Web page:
Wedding costs - what to consider
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Wedding costs - what to consider

Wedding rings being exchanged

A wedding is one of the biggest savings goals for Aussies. Whether you dream of a big fairy tale wedding or a small intimate gathering, one thing remains true: weddings can cost a lot more than we initially plan for. But like most big financial decisions, planning is the key. With a little forward thinking, your big day doesn’t need to become a big headache. Guest writer Nick Petrovic, provides us with some insights on big ticket items and areas that can be a runaway expense.

 Agree on the basics

Planning a wedding can be a stressful time for everyone involved, so it’s important that you and your partner understand each other’s expectations as well as the things you are and aren’t willing to compromise on. For most couples, there is at least one big-ticket item that they simply cannot see themselves cutting back on, so try to compromise and come to an agreement about the things you are happy to save on and those you aren’t.

Weddings conjure a variety of different images for different people, but for most of us there are a few basic elements that make a wedding day. A good starting place when budgeting for a wedding is making a list of all the different elements and estimating how much you plan to spend on each. Some examples include:

  • Bride’s dress
  • Rings
  • Number of guests
  • Invitations
  • Ceremony and reception venues.
  • Flowers
  • Menu
  • Cake
  • Honeymoon
  • Wedding party gifts.
  • Bonbonniere

Discuss debt

Organising a wedding can be a large financial commitment, so it’s important to consider its impact on the future. Discuss the use of credit cards and loans ahead of time, as it can be easy to get carried away.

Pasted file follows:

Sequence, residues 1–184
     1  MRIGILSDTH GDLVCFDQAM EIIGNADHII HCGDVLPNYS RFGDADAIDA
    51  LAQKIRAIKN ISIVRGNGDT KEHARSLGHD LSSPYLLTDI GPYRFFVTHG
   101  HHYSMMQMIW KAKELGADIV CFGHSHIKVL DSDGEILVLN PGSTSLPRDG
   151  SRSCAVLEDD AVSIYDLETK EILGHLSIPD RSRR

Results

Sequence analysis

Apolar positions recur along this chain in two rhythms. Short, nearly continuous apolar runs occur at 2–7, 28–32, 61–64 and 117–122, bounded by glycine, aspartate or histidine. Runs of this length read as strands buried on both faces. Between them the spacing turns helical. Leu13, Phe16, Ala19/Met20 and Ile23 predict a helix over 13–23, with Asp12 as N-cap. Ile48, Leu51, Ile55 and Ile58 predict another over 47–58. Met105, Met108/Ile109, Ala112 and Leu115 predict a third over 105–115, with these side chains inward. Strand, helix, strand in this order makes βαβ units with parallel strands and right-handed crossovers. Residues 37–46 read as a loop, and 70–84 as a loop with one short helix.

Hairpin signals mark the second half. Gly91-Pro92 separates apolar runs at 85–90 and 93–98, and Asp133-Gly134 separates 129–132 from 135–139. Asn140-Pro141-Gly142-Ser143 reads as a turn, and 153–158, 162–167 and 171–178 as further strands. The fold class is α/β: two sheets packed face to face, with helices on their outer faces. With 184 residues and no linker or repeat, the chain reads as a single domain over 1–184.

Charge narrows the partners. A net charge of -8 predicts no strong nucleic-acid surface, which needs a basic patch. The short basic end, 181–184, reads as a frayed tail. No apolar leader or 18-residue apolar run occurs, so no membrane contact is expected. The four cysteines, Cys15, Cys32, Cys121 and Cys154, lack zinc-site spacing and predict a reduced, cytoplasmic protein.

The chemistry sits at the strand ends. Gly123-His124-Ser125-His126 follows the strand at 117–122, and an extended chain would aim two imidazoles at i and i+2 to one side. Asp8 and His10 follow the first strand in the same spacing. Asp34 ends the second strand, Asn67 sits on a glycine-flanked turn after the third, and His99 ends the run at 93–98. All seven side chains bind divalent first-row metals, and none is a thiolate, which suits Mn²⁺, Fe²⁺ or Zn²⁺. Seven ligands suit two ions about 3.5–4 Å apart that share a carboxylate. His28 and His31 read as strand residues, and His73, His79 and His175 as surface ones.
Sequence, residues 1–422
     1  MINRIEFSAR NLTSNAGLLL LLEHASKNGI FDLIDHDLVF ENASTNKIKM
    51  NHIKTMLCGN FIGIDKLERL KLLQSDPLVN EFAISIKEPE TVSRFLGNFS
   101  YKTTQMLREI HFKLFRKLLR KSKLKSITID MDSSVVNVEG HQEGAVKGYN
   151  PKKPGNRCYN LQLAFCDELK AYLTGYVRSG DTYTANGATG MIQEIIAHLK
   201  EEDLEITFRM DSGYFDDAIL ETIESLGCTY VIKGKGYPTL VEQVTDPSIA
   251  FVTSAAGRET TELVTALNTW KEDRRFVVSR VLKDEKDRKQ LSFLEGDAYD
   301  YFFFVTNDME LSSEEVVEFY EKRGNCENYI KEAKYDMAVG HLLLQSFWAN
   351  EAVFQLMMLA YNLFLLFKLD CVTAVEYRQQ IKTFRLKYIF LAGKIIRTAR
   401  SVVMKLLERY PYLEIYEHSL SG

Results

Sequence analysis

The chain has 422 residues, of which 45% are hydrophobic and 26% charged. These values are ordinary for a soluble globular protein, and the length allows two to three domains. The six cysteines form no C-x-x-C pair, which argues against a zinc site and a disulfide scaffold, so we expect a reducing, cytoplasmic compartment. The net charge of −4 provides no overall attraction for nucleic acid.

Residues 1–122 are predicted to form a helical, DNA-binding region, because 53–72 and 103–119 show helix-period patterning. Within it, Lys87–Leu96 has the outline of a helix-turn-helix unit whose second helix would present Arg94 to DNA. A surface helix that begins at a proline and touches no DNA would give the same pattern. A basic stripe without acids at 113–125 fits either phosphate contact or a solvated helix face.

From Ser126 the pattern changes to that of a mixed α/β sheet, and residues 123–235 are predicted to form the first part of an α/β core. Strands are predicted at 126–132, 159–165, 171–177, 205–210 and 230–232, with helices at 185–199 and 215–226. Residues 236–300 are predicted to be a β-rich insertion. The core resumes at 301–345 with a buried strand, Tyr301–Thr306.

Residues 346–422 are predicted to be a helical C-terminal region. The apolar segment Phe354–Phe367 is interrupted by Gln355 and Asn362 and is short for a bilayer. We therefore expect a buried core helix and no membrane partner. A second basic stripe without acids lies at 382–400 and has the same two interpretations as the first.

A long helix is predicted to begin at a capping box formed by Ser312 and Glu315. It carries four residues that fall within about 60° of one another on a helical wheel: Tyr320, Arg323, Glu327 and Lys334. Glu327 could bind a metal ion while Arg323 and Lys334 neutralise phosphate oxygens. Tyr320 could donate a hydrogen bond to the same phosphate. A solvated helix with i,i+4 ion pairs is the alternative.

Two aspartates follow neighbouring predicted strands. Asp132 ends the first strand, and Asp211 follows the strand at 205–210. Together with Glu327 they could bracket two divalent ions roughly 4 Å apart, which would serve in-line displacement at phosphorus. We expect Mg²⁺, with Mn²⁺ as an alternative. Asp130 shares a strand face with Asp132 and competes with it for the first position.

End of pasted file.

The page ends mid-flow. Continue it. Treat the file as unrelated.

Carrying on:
Family contributions

The old traditions regarding who pays for the wedding often do not apply to many modern couples, so be sure to discuss family contributions before making any concrete decisions. Weddings are one of those things that can quickly become the subject of everyone’s input, so place some boundaries on how much influence outside parties have on the decision-making process. Parents, in laws, extended family and even friends may see it as their right to dictate certain aspects, especially if they are contributing financially, so be sure to make your position known early on.

Be realistic

We’d all like the perfect wedding. However, being realistic about how much you expect to spend can help minimise disappointment. Be sure to leave a buffer for those last-minute unexpected items as well.

Start early

This goes for saving as well as spending. Open a high interest savings account and treat saving for your wedding as a bill, non-negotiable. Start researching and purchasing items early so that you’re not caught out at the last minute. Shop around and don’t be afraid to negotiate. It often seems that when the word “wedding” is spoken, prices skyrocket. But suppliers want your business, and more often than not a little negotiation can go a long way.

Call on your networks

A wedding is a great time to call on the assistance of your contacts. Not only can this cut back on costs, it can also strengthen your relationship with associates and colleagues.

Like most things in life, experience is invaluable and hindsight is often 20/20. Learning from the mistakes and successes of other couples, friends and family members who have recently walked down the aisle can not only provide helpful advice, but also highlight problems or concerns you may not have considered.

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